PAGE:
The impact of the Pathways intervention on psychosocial variables related to diet and physical activity in American Indian schoolchildren

June Stevens, Mary Story, Kim Ring, David M. Murray, Carol E. Cornell, Juhaeri, Joel Gittelsohn

Research output: Contribution to journalArticlepeer-review

52 Scopus citations


Background. The purpose of this study was to examine the impact of the Pathways intervention on pychosocial variables related to physical activity and diet in American Indian children. Methods. Schools serving American Indian children were randomized to a multicomponent intervention or control condition. At baseline (fall of third grade) and in the spring semester of third, fourth, and fifth grades 755 boys and 692 girls completed a classroom-administered questionnaire. The questionnaire assessed self-efficacy, knowledge, and behavioral intentions related to diet and physical activity, as well as weight loss behaviors and body image. Results. Knowledge of nutrition and physical activity messages increased in both boys and girls in the intervention group compared to controls; however, knowledge of which foods contained more fat did not increase consistently. Compared to controls, self-efficacy to be physically active increased among girls in intervention schools, but not among boys, whereas self-efficacy to make more healthy food choices did not increase more than in controls in either gender. In the intervention group, compared to controls, healthy food intentions and participation in physically active behaviors increased in both boys and girls. Perception of healthy body size and weight loss attempts did not differ in the intervention and control groups. Conclusion. The Pathways intervention program had a positive impact on several aspects of obesity-related knowledge, attitudes, and behaviors.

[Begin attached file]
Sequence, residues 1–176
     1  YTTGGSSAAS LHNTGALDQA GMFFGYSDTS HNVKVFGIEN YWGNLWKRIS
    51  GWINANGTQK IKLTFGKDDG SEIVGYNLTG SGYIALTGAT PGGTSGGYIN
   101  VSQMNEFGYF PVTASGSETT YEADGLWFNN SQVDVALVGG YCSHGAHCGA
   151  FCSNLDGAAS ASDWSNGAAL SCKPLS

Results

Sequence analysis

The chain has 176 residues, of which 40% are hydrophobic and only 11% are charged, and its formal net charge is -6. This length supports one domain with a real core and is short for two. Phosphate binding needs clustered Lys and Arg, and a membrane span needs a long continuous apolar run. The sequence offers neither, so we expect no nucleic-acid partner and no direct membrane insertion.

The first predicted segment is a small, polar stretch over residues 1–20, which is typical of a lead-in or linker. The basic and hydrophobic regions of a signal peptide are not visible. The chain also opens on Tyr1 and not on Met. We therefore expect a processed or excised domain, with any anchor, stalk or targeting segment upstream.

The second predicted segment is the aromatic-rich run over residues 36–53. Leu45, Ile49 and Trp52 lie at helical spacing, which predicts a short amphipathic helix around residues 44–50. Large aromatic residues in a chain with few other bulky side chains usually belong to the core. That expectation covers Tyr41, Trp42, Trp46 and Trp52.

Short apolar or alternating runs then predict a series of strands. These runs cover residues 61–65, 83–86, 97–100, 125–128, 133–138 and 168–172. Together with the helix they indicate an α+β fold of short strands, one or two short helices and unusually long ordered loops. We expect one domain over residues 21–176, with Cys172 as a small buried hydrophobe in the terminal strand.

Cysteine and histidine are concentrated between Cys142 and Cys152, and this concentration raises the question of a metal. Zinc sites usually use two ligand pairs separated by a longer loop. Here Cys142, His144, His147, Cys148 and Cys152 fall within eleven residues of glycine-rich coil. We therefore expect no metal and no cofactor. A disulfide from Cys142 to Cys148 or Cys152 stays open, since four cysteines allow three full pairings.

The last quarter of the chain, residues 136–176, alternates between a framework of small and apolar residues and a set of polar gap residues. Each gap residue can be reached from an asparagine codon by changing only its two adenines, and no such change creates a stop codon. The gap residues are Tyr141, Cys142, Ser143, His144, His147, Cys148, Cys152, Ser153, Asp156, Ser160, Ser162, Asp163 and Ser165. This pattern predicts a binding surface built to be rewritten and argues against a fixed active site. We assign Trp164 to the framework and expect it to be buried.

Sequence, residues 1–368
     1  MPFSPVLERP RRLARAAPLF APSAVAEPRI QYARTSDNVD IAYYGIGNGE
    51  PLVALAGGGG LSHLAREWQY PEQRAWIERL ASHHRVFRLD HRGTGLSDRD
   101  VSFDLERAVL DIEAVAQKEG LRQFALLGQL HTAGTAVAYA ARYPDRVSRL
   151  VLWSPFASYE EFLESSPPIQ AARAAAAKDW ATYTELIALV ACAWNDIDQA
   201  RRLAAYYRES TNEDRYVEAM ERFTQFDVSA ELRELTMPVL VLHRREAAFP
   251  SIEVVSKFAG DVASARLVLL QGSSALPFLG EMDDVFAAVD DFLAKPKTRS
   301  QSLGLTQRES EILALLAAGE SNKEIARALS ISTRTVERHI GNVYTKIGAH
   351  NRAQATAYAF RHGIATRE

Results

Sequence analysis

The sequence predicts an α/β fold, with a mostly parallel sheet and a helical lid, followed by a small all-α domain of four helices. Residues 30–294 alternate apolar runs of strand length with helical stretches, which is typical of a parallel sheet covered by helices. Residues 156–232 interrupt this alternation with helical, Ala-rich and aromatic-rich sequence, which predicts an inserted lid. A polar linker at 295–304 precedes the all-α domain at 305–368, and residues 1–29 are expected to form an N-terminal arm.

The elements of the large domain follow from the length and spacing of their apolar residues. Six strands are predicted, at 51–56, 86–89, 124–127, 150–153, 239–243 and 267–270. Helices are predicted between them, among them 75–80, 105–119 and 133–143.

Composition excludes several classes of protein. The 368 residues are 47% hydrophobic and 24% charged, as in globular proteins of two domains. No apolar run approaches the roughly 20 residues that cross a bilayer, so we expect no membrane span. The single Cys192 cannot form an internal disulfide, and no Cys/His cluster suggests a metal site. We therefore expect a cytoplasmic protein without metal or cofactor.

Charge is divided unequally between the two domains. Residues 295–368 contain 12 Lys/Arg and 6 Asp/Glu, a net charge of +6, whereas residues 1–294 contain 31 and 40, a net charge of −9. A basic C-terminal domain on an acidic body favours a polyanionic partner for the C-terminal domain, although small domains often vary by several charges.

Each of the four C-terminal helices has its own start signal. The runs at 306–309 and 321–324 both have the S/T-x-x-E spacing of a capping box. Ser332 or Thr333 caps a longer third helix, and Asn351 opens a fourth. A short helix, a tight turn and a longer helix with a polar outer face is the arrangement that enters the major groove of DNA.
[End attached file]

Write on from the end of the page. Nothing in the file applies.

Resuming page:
Original languageEnglish (US)
Pages (from-to)S70-S79
JournalPreventive Medicine
Issue numberSUPPL. 1
StatePublished - Dec 2003


  • American Indian
  • Attitudes
  • Children
  • Diets
  • Nutrition
  • Obesity
  • Prevention
  • Self-efficacy

ASJC Scopus subject areas

  • Epidemiology
  • Public Health, Environmental and Occupational Health


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